cated to having and rearing an additional child, a decision improved opportunities for remunerative child labor. The cl plies a higher real income, and the effect of income upon the satisfactions that parents derive from children would depe children are a "superior good" and, if so, on the income e demand for children.
Stated in this way, the interactions under consideration v have disquieting implications. In the past, the settlement o productive agricultural land in the Americas and Oceania, reduction in the cost of overseas transportation, accounted i the cheaper and vastly increased supply of food, especially c teenth century. The associated high rate of population growi peans and people of European origin should be kept in mind ( juncture in economic history during which a vast increase in of other crops can occur in the long settled, highly popula countries. Will there be an analogous growth in the popu substantially a consequence of more plentiful and cheaper indeed one of the major unsettled questions of contemporary
CONCLUSIONS WITH QUALIFICATIONS
The food-supply-population quandary is rooted in a comp lems, many of which are beyond the reaches of our analytic; knowledge that we now have. I have used food grains in 1 countries as a proxy for the food supply in these countries, simplification, for an all-inclusive concept would include crops, vegetables, fruits, feed to produce animal products, fis
*Wyon has kindly made available to me a preliminary draft of ( forthcoming book (68). The demographic data for the Khanna Vill India, show a marked rise since 1966 in the population growth tha consequence of some in-migration and of a rise in the birth rate. 1 population growth seems to be strongly associated with the recent modernization in the village. (See figures 118 and 119 in the book.) V births reflects a permanent increase in the completed size of families tl have or a temporary consequence of change in the age composition due to youthfulness of in-migrants cannot be ascertained as yet.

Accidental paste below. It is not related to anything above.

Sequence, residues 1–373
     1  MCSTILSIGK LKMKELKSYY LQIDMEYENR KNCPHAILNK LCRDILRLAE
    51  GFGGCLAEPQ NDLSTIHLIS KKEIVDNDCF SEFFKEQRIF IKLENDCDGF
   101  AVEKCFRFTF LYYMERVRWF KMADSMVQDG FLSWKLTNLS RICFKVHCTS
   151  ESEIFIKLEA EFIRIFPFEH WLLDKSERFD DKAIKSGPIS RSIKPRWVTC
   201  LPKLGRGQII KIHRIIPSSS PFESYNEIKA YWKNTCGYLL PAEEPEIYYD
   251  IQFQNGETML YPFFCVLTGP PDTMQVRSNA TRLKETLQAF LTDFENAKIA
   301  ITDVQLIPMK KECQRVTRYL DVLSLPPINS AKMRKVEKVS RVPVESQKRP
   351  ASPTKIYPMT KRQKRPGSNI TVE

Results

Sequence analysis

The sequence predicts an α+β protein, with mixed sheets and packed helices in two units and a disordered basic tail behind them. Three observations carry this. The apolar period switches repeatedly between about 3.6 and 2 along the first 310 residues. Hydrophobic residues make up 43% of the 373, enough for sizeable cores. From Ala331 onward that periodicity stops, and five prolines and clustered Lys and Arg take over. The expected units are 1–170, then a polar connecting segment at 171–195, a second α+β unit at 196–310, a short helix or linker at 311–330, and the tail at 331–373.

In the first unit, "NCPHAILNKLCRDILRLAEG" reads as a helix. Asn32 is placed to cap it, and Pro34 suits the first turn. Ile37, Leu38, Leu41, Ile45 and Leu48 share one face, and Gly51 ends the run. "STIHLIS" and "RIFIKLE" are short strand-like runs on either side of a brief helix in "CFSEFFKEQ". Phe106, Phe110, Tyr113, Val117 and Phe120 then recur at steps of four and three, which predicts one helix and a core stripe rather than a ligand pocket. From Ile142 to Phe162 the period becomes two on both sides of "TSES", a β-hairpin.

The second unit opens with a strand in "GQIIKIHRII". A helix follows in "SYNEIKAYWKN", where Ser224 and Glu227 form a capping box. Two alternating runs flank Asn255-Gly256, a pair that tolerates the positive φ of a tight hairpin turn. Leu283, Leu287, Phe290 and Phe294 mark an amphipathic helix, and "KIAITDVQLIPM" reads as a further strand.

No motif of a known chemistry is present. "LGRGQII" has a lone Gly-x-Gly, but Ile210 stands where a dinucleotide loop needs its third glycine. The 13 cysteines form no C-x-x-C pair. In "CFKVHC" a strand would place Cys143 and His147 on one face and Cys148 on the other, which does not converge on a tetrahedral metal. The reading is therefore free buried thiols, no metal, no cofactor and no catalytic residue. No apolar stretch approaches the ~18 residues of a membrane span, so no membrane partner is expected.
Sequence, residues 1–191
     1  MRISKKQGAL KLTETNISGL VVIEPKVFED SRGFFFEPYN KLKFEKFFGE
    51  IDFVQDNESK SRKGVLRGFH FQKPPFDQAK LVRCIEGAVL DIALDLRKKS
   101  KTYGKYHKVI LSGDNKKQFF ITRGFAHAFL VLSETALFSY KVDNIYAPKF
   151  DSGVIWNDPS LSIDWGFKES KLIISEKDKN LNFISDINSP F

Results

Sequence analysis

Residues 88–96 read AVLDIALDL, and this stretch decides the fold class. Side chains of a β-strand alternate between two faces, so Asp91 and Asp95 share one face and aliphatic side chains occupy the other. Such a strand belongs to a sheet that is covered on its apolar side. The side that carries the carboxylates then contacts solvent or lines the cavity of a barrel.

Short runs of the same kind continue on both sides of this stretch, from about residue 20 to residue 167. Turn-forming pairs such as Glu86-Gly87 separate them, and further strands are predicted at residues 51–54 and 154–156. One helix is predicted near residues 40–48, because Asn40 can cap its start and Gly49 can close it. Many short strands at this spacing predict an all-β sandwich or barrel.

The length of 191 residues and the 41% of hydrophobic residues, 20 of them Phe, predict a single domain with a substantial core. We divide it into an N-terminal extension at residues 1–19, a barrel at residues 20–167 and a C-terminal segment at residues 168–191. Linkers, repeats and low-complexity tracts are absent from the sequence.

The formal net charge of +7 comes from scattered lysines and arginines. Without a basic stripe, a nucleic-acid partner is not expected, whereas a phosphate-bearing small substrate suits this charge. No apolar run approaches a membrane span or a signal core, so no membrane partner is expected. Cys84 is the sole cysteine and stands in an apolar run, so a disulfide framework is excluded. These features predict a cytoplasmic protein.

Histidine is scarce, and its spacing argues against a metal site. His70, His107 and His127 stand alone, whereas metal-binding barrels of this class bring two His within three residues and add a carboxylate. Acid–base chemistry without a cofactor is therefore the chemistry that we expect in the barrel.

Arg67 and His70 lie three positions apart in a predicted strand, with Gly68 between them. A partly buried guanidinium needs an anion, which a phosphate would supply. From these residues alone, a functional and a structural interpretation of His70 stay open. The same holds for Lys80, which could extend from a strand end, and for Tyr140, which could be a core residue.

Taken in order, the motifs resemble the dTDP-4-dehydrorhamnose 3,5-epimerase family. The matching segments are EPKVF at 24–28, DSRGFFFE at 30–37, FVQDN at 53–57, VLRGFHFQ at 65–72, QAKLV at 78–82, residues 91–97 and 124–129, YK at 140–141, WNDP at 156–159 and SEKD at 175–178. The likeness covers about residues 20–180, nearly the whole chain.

I quote the following with permission:
The decade ending with the wheat crop of 1969 witnessed a agricultural method and an enlarged gross community product. 1 society involved in agriculture had strengthened their position, wh others were losing place in the village economy. For farm workei well as employed, this was a new way of life, with long hours of w to learn. Education was recognized as an increasingly valuable asset, for boys. The age of women at marriage advanced well beyond the 1959.. .. New investments directed to the land, (fertilizer, high yie fied irrieation and mechanically aided cultivation") were vieldint! mo